Home Support Workers: Half Without Adequate PPE
Half of New Zealand's home support workers lack adequate personal protective equipment (PPE), according to initial results from an E tū survey which opened yesterday afternoon.
Home support worker Tarsh Dixon says the union launched the survey after the Government's announced a rapid stocktake of PPE distribution midday yesterday.
The initial results are being released to coincide with a new international PPE campaign for support workers starting today.
Tarsh, an E tū national home support delegate, says the initial results are distressing.
"Immunosuppressed clients undergoing cancer treatment shouldn't have to wait for another government report before their support workers get adequate PPE," she says.
"Frontline staff know our PPE distribution system is broken; the Government needs to start listening to us and act today."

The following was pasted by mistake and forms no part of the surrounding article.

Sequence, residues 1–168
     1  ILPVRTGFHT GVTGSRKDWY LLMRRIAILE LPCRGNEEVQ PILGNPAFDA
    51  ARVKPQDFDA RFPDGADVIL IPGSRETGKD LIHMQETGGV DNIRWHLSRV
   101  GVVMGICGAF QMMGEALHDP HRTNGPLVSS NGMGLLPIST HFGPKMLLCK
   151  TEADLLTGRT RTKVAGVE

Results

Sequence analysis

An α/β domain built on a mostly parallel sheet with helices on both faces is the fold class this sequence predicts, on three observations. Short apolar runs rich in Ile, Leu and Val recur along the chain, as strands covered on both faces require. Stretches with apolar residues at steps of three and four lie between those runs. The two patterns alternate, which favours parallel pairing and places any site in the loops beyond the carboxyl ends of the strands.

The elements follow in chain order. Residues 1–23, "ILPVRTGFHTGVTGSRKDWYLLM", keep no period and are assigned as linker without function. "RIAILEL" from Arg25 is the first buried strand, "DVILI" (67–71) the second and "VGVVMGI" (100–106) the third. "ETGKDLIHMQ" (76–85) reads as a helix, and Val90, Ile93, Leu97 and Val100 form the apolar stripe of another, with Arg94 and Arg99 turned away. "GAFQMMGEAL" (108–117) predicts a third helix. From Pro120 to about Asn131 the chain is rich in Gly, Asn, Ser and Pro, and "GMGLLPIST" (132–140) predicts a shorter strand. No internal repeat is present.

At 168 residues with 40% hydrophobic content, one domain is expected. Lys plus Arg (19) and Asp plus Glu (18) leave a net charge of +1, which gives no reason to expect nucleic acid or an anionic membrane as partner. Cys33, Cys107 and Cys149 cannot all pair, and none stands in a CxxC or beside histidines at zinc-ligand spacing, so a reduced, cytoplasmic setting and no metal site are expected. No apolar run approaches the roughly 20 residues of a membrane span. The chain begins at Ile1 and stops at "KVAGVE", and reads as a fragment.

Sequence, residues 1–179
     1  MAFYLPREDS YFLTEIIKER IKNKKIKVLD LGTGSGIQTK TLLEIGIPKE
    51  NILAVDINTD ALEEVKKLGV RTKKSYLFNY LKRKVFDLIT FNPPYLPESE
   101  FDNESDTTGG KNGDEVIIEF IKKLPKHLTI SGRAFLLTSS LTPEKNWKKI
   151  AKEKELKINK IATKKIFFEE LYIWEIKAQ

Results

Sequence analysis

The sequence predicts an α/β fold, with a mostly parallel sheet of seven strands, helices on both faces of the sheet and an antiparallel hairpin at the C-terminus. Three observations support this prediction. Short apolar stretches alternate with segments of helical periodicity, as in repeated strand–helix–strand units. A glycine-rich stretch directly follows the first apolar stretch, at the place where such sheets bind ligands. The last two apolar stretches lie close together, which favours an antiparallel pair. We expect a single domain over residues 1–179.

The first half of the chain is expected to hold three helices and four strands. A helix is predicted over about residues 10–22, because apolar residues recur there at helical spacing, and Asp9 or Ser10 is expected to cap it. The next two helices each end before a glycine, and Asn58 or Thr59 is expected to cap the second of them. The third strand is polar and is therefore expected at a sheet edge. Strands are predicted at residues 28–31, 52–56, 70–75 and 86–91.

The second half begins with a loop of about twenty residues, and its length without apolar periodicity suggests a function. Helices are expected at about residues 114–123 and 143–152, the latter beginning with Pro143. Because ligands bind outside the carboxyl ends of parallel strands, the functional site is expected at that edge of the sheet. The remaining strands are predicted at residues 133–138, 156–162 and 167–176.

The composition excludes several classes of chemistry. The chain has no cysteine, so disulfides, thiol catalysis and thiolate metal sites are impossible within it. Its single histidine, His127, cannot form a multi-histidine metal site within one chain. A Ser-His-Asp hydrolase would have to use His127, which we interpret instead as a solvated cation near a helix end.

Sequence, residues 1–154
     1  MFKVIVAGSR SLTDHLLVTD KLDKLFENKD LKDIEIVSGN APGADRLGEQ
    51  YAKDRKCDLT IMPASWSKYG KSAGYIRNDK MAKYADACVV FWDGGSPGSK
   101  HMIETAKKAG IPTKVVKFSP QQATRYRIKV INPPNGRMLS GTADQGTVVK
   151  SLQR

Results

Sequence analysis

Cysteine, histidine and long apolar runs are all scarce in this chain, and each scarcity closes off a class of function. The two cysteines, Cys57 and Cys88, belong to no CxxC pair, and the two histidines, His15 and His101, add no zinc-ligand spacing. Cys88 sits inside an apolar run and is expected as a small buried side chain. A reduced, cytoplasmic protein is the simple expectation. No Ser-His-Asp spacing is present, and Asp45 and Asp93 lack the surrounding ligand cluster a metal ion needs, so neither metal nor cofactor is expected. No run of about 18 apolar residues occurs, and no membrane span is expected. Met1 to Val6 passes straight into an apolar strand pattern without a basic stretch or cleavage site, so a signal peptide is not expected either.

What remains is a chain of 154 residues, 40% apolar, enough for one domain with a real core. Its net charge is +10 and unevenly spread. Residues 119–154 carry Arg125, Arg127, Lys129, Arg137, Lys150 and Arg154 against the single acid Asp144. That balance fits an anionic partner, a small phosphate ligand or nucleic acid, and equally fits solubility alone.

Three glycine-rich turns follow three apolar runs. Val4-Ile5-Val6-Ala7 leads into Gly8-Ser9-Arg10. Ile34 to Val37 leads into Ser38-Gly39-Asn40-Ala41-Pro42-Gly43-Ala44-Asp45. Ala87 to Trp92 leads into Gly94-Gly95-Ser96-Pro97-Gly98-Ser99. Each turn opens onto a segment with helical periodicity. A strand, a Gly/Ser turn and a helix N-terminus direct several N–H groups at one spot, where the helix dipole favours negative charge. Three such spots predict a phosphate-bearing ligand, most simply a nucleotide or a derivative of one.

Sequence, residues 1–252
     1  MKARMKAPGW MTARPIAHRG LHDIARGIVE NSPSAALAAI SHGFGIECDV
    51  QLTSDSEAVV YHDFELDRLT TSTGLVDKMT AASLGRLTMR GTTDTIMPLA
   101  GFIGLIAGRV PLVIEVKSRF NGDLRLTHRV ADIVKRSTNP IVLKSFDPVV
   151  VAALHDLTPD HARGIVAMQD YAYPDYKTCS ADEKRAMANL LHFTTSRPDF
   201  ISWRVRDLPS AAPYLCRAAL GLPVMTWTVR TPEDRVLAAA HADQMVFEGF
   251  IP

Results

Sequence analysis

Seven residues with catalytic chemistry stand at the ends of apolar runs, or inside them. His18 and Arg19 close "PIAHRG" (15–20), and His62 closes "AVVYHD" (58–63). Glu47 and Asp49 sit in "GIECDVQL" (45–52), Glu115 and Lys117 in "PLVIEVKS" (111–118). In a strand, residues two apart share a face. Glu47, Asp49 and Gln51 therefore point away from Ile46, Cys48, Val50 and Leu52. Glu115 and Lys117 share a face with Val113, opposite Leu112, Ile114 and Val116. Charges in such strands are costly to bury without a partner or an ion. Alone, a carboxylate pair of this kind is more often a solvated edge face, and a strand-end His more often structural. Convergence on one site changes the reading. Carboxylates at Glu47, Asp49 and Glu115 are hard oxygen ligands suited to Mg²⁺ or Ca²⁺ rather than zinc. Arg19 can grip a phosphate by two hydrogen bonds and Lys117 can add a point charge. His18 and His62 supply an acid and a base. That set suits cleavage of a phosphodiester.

The survey shows staff without adequate gear often have none not all, or employers are rationing the small amount available, she says.
"Some support workers have only had two masks since the lockdown started. One respondent just got her first protective equipment after five weeks of complaints. It was a single box of gloves."
Survey feedback suggests clients are declining care because the lack of PPE makes them feel unsafe.
"In some cases, clients are being told to buy protective equipment if they are concerned their support workers have none."
Initial results show workers are buying PPE, which Tarsh says is “an unfair expectation on low-paid workers”.
INTERNATIONAL CAMPAIGN LAUNCHED IN NEW ZEALAND
Unions are launching an international PPE campaign "#ProtectHomecareWorkers" today, starting in New Zealand.
"Our Government deserves international recognition for its lockdown response," Tarsh says.
“But our lack of PPE and poor distribution is part of a global problem and the system has let us down.
"Home support workers across the world face the same problem, and New Zealand has an opportunity to show the world how to respect our support workers," she says.
Tarsh says the campaign demands are adequate PPE, correct payment, and respect.
"This is the minimum we need to ensure we can provide safe quality care to the world's vulnerable people.”